Regional Partners in Global Markets: Limits and Possibilities of the Euro-Med Agreements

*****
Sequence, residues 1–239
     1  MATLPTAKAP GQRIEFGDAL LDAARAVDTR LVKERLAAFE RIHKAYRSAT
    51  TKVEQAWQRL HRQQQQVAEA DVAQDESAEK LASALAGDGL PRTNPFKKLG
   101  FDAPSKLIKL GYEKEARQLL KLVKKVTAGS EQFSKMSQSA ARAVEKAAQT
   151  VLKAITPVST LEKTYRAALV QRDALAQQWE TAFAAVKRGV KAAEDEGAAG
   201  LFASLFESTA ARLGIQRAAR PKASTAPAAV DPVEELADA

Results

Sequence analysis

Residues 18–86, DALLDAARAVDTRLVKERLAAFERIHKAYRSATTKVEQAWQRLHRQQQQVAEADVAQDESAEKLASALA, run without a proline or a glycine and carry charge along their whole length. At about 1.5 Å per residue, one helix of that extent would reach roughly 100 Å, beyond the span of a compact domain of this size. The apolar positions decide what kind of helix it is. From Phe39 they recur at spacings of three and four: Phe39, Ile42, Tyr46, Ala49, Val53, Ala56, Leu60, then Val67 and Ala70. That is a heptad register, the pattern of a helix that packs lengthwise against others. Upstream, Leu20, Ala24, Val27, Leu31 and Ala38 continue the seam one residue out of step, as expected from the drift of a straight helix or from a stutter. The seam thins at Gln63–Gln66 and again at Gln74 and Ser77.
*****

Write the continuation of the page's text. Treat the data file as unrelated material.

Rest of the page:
As the debate continues to rage over the pros and cons of regionalism versus multilateralism, policy-makers who have decided to integrate confront another set of questions: Which country or bloc of countries should they integrate with? What form of integration is most desirable? Under what conditions will integration further the national interest? This book - empirical in nature and policy-oriented in scope - attempts to help answer such questions and thus to assist policy-makers looking to make the best of preferential trade agreements. The proliferation of such agreements in recent years - over 100 are listed with the World Trade Organization - attests to the timeliness of the book, and to the need to explore whether preferential trade agreements are actually beneficial, and how to realize and maximize their potential. Whether their potential benefits are obtained depends greatly on the contents of the negotiated agreement and on the policy stances of the member countries. After emphasizing new developments in thinking on regional integration, this book provides evidence of actual and possible effects of recent trade agreements: NAFTA, AFTA, and the agreements that the EU negotiated with Tunisia and with Morocco. It also discusses the potential impact of a similar agreement between Egypt and the EU, at both the national and the sectoral levels, and offers policy options for Egypt in negotiating and adjusting to its agreement with the EU. Although much of the book concentrates on Mediterranean countries, particularly Egypt, the analyses and approaches can be generalized and applied to other nations contemplating or engaged in preferential trade agreement negotiations.